One-Child Policy Safe in Guangdong

Officials in Guangdong have reversed plans to ease the province’s family planning policy and allow certain couples to have two children. From China Daily:

A document on family planning in Guangdong’s 12th Five-Year Plan (2011-2015), which will be issued soon, states that a low birth rate is to be maintained, said Zhang Feng, director of the provincial population and family planning commission, in Nanfang Daily on Sunday.

In July, Zhang said the provincial authorities had applied to the central government and were waiting for approval to lead the country in relaxing the family planning policy.

If the application was approved, couples in which either the husband or wife is an only child would be allowed to have a second child, he said in July.

According to Zhang then, the province had room to relax the one-child policy, which has been in place for more than three decades, because such a move would not lead to a fast increase in population, largely due to the increased costs of giving birth to and raising children.

An AFP report points out that it is unclear whether Guangdong had completely scrapped its plans or whether Beijing had rejected them.

In the vein of early-stage family planning, Shanghai prepares to introduce the city’s first set of sex education textbooks to primary school students just a couple months after Beijing’s first sex education textbooks drew heavy criticism.  A China.org opinion piece last month, with the accompanying cartoon, addressed the controversial textbook and its implications on Chinese society:

The book, titled, “Footsteps of Growing Up” shows some almost pornographic images of a couple engaged in sexual activities. Some parents see such ‘blunt’ and ‘influential’ teaching methods as being a constructive step forward in educating China’s youngsters about the ‘facts of life’. However, alerting those so vulnerable, curious and easily-influenced about such intriguing and fascinating issues will surely only encourage them to experiment with, and even re-enact what they are discovering at school.

My four-year-old-son has already been asking me questions about how babies are made. This is a natural query many young children make as they start to become inquisitive about their own bodies and notice the differences between the genders. Adopting an honest attitude to such questions is important. However, we need not go into the same graphic detail that we find in the illustrations in China’s explicit new textbook, “Footsteps of Growing Up”. More important than how parents educate their children about sex is the fact that parents themselves should do the educating, not a teacher in a biology lesson. It should not be a school’s right or responsibility to inform children about issues of a sexual nature. That is the job of the parents.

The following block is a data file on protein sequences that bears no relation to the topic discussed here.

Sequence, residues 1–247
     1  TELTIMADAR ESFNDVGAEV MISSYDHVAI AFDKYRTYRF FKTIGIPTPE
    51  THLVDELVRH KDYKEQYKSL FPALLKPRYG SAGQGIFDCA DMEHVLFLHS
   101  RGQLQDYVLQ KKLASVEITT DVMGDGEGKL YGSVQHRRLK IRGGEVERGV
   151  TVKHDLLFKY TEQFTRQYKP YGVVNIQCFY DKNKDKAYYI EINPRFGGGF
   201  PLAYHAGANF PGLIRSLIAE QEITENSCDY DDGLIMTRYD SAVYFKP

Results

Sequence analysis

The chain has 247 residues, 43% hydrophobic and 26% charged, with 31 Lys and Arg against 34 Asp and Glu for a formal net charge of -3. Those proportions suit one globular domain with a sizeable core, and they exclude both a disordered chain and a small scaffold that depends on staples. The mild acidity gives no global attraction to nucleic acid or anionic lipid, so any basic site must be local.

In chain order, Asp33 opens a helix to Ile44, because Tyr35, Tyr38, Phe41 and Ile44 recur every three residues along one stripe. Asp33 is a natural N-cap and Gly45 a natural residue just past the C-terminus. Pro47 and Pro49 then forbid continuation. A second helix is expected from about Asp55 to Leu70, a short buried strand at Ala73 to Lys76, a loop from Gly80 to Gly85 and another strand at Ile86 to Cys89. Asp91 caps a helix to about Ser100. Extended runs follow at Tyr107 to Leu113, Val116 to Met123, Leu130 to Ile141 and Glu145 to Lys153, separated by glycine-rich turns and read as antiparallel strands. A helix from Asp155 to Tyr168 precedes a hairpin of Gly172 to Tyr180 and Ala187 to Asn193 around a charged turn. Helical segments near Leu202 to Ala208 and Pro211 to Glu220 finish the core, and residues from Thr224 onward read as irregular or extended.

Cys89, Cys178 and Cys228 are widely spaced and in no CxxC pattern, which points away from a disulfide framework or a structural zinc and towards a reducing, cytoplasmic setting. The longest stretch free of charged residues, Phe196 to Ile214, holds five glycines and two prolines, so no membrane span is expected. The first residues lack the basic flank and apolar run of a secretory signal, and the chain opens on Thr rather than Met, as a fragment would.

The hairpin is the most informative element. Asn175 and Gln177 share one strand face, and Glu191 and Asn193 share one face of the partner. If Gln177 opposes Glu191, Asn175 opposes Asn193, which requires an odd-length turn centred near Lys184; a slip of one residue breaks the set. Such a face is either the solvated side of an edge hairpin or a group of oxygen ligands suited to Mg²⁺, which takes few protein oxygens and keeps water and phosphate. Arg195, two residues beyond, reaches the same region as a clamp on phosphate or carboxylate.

Meanwhile, at the upper levels of China’s education system, a series of regulations made public in September mandate sexual education for university students. From the People’s Daily:

Nowadays, though many college students are mature physically, they lack mental maturity, which leads to misunderstandings about sexual knowledge and sexual psychology.

Most of the college students adopt an inclusive and accepting attitude. Some 88 percent of students think one should be responsible for his or her sexual behaviors, while many students are not familiar with the consequences of pregnancy and the damages to a woman’s physical and mental health caused by artificial abortion.

During an activity in which free abortion services were offered to pregnant female college students launched by a hospital of another city, the hospital received about 50 phone consultations and did operations for 28 matched girls aged from 18 to 23. For most of the girls it was the first time, but other girls have had an abortion three or four times. Many college students do not understand that the abortion operation can cause permanent damage to uterus and infections in reproductive organs.